The conflict of "man versus man" entails that the main character will undergo an obstacle or challenge that is caused by a secondary or minor character. The main character, as a result, is rendered a victim of the choices of this said secondary/minor character, who will then become the rival,...
The conflict of "man versus man" entails that the main character will undergo an obstacle or challenge that is caused by a secondary or minor character. The main character, as a result, is rendered a victim of the choices of this said secondary/minor character, who will then become the rival, or "antagonist" of the main character, which is the protagonist.
In the storyteller, the main character is the bachelor. His conflict is directly against the aunt of three children who are sharing his cart while he is traveling by railway carriage. The aunt of the children has an inability to control them and, as a result, the children are rowdy and loud, which really upsets the bachelor.
The way that Saki treats the conflict is by confronting the main character, the bachelor, against his antagonist, the aunt. This confrontation consists on having each of the two characters tell a story (at different points in the story) to the children with the aims of entertaining them.
While the aunt's sanctimonious story bores the children even more, the story that the main character tells the children is highly entertaining. Ironically, and in typical Saki style, the story told by the bachelor carries a message that goes directly against the good-doer story told by the aunt. The bachelor's message to the children is that being a good kid does not always save you from getting into some big trouble; that perhaps it is fine to just be a normal kid and try not to stand out too much so that you may be rendered vulnerable to danger.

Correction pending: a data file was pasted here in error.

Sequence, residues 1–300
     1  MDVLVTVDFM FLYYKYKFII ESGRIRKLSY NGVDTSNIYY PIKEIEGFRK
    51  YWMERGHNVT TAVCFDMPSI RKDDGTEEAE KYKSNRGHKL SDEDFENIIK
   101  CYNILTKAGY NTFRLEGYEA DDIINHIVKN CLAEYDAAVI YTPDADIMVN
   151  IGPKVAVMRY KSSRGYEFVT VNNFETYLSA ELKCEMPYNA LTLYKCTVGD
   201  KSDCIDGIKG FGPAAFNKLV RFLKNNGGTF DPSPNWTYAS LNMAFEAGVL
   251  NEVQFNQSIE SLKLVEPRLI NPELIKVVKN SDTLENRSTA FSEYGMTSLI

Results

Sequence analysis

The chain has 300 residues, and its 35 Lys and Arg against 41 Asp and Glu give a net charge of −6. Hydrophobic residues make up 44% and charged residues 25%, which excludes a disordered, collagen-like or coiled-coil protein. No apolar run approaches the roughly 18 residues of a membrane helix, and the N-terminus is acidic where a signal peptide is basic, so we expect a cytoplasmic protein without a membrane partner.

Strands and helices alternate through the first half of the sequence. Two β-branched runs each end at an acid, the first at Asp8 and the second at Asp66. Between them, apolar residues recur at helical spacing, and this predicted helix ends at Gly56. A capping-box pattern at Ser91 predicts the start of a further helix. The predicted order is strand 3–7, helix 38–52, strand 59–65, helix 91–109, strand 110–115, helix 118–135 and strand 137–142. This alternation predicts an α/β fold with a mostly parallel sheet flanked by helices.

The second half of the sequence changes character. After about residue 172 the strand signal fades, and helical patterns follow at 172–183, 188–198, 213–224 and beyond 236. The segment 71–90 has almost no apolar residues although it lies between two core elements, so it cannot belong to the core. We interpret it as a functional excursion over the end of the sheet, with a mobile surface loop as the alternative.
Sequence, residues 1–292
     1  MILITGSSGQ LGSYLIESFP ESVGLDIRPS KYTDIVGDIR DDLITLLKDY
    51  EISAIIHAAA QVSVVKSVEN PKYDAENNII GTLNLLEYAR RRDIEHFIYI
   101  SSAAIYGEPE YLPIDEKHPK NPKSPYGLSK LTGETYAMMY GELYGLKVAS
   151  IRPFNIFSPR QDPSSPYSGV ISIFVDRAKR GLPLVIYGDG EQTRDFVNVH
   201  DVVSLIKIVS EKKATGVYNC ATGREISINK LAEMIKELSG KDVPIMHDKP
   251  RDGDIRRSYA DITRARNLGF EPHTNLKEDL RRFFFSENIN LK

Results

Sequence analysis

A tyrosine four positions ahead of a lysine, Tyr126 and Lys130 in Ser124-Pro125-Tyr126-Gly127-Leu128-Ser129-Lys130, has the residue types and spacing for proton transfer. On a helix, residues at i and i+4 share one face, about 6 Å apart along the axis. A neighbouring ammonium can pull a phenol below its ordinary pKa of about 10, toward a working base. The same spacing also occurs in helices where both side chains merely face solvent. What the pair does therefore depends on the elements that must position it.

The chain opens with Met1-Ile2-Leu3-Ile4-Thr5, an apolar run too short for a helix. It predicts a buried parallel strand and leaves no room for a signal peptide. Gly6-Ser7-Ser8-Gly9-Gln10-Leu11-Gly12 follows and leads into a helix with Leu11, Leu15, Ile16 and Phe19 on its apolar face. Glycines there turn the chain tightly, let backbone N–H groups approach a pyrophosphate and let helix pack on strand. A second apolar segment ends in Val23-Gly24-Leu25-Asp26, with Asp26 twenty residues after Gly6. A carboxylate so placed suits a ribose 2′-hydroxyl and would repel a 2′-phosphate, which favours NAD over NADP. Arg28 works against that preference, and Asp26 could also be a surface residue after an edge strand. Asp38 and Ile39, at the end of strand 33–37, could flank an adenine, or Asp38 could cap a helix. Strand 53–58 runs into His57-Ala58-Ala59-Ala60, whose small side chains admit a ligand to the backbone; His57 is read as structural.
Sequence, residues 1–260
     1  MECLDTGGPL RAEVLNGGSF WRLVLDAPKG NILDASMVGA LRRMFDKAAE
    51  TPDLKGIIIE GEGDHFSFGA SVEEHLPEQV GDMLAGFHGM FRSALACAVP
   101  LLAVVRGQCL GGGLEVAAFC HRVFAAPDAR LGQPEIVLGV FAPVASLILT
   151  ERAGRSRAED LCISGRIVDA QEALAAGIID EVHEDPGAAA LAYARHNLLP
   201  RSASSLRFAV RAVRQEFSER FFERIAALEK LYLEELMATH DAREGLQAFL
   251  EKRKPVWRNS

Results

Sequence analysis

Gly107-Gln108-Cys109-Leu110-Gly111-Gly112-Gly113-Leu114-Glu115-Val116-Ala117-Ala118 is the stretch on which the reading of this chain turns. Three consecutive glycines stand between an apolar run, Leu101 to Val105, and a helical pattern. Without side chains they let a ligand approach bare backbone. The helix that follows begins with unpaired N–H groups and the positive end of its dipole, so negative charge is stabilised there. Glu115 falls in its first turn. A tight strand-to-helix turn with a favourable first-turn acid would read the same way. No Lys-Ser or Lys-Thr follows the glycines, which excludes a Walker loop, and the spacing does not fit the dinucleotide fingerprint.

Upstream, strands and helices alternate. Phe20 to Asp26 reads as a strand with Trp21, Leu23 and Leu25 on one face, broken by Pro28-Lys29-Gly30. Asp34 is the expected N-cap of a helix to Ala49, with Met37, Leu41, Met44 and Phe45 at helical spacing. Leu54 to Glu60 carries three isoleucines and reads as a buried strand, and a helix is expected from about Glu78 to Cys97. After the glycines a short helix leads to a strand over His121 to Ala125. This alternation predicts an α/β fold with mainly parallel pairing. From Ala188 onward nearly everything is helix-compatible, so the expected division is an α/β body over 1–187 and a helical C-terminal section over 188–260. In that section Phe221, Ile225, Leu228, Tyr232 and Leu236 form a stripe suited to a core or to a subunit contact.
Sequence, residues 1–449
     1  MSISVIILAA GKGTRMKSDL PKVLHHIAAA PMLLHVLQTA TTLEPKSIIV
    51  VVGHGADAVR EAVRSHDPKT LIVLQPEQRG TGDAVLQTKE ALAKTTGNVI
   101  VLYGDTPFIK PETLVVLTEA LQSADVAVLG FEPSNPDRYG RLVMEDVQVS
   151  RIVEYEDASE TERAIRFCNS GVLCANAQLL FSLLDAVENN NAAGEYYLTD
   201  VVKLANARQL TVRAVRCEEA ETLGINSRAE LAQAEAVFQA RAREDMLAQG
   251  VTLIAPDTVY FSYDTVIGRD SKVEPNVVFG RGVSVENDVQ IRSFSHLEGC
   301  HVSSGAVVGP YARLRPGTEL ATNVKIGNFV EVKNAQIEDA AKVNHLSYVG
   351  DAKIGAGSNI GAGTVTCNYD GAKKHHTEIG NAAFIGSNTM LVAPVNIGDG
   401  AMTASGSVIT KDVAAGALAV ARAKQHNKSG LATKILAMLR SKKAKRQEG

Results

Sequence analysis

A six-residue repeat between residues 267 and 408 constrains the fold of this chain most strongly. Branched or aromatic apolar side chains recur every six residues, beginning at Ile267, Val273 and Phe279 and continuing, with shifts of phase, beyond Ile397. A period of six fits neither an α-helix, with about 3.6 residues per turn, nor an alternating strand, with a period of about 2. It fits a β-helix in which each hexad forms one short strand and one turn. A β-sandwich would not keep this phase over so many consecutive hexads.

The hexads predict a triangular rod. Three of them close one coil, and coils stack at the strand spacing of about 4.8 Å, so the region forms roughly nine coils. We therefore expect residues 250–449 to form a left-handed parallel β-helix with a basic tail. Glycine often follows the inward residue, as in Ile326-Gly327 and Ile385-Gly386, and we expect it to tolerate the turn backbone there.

Hence, Saki allows his main character to get away as the winner of the man versus man conflict by teaching a lesson to the aunt while spicing up the psyche of the children.
In the story "The Stolen Party" , Lilian Heker the main conflict is between Rosaura and her mother, as well as between Rosaura and the society that surrounds her. The daughter of a maid, 9 year-old Rosaura has been invited to the high society birthday party of her friend Luciana. The conflict between Rosaura and her mother arises from the fact that Rosaura feels at the same level with Luciana, who also treats Rosaura as her confidant and best friend. The conflict starts with Rosaura's mother's worry about her daughter attending Luciana's party. This bestows upon Rosaura a feeling of inadequacy that she really does not want to experience.
For the second conflict, Rosaura versus society Heker places Rosaura in an awkward situation, where her social role is basically questioned again, but by one of Luciana's cousins:
"So where do you know her from?" said the girl, getting impatient. .. "I'm the daughter of the employee," she said. Her mother had said very clearly: "If someone asks, you say you're the daughter of the employee; that's all." She also told her to add: "And proud of it."
Rosaura cannot identify herself because, apparently, the fact that she is the daughter of a maid has automatically given her an unwanted identity in the eyes of society. Hence, Heker places Rosaura in the impossible situation of having to battle the thoughts and opinions of others, which directly go against her own. Moreover, she also endures humiliation from a dominant group that misunderstands and under-appreciates others. In a dramatic contrast from Saki’s story, Heker’s main character does not fare successful at battling the obstacles of society; this is because society has done its best to suppress and ignore the dignity of the poor.